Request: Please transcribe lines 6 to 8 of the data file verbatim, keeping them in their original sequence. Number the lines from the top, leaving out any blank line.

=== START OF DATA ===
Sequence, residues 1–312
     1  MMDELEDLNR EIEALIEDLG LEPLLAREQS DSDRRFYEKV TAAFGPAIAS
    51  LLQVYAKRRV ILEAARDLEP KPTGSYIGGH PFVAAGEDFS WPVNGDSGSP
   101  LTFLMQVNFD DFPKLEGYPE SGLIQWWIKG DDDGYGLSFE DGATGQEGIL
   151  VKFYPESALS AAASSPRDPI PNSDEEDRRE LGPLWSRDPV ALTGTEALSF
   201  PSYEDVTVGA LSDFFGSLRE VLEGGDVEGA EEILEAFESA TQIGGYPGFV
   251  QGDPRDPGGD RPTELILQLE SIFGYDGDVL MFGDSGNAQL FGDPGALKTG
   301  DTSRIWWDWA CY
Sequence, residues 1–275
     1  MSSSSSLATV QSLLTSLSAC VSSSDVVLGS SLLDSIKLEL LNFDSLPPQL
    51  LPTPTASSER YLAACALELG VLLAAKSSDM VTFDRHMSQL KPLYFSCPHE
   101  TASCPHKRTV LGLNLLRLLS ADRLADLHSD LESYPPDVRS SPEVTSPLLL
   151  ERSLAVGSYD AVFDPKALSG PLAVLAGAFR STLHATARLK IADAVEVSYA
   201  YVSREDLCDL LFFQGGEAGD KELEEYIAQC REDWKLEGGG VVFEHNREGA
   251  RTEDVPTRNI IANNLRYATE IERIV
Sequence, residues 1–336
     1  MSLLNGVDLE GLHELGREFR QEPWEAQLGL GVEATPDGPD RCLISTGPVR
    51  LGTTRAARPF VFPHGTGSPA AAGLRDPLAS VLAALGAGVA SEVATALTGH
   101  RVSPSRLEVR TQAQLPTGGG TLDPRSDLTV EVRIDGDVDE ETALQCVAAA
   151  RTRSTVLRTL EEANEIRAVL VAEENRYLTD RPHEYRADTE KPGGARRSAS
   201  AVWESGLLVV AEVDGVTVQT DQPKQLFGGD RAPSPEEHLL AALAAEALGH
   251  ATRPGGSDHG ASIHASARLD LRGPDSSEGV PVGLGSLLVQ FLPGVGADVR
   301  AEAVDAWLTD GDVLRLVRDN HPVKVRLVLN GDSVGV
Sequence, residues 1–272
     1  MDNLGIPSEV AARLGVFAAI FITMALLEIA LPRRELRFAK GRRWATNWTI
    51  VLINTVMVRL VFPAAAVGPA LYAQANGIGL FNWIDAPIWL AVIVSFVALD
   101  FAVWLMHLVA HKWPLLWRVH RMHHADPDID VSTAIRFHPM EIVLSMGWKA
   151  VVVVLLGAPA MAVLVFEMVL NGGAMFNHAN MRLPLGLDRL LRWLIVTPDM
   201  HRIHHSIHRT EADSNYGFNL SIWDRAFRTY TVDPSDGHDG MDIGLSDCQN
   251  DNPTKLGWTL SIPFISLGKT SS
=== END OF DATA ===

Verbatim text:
   201  PSYEDVTVGA LSDFFGSLRE VLEGGDVEGA EEILEAFESA TQIGGYPGFV
   251  QGDPRDPGGD RPTELILQLE SIFGYDGDVL MFGDSGNAQL FGDPGALKTG
   301  DTSRIWWDWA CY